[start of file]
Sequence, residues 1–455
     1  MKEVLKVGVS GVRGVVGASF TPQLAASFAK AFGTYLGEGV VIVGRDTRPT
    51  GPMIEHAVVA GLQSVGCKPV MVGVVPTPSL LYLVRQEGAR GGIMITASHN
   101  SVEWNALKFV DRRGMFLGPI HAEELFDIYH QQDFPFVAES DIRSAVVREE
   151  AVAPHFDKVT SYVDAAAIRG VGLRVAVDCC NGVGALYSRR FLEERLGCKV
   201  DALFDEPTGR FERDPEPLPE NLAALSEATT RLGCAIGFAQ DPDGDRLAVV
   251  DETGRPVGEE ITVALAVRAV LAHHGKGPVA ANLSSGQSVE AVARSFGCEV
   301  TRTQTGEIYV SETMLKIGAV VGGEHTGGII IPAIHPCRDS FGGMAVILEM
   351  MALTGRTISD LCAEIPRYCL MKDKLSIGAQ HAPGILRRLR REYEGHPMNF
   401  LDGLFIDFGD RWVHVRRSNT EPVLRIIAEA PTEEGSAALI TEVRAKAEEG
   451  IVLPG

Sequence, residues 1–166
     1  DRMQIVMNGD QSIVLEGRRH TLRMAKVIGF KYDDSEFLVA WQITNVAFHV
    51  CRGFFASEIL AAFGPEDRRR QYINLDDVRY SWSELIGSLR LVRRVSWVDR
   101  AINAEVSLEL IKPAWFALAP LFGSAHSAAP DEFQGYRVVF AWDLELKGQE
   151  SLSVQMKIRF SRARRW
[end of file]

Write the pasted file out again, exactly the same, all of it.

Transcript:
Sequence, residues 1–455
     1  MKEVLKVGVS GVRGVVGASF TPQLAASFAK AFGTYLGEGV VIVGRDTRPT
    51  GPMIEHAVVA GLQSVGCKPV MVGVVPTPSL LYLVRQEGAR GGIMITASHN
   101  SVEWNALKFV DRRGMFLGPI HAEELFDIYH QQDFPFVAES DIRSAVVREE
   151  AVAPHFDKVT SYVDAAAIRG VGLRVAVDCC NGVGALYSRR FLEERLGCKV
   201  DALFDEPTGR FERDPEPLPE NLAALSEATT RLGCAIGFAQ DPDGDRLAVV
   251  DETGRPVGEE ITVALAVRAV LAHHGKGPVA ANLSSGQSVE AVARSFGCEV
   301  TRTQTGEIYV SETMLKIGAV VGGEHTGGII IPAIHPCRDS FGGMAVILEM
   351  MALTGRTISD LCAEIPRYCL MKDKLSIGAQ HAPGILRRLR REYEGHPMNF
   401  LDGLFIDFGD RWVHVRRSNT EPVLRIIAEA PTEEGSAALI TEVRAKAEEG
   451  IVLPG

Sequence, residues 1–166
     1  DRMQIVMNGD QSIVLEGRRH TLRMAKVIGF KYDDSEFLVA WQITNVAFHV
    51  CRGFFASEIL AAFGPEDRRR QYINLDDVRY SWSELIGSLR LVRRVSWVDR
   101  AINAEVSLEL IKPAWFALAP LFGSAHSAAP DEFQGYRVVF AWDLELKGQE
   151  SLSVQMKIRF SRARRW